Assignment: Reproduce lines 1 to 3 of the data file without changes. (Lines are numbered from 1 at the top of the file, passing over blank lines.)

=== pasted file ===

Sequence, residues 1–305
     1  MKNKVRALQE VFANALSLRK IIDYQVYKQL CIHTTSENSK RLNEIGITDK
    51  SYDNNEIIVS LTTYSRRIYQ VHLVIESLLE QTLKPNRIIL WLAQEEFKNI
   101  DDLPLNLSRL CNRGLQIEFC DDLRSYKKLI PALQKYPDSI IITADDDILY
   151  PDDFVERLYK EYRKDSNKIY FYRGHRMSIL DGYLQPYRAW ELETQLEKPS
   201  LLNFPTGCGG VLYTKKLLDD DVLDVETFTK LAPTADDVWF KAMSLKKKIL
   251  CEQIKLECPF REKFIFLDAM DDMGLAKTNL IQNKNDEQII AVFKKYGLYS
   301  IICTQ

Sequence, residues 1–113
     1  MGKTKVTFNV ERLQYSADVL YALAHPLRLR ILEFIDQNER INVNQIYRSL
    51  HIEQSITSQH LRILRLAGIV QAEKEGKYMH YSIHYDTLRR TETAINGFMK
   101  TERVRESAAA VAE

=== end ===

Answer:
Sequence, residues 1–305
     1  MKNKVRALQE VFANALSLRK IIDYQVYKQL CIHTTSENSK RLNEIGITDK
    51  SYDNNEIIVS LTTYSRRIYQ VHLVIESLLE QTLKPNRIIL WLAQEEFKNI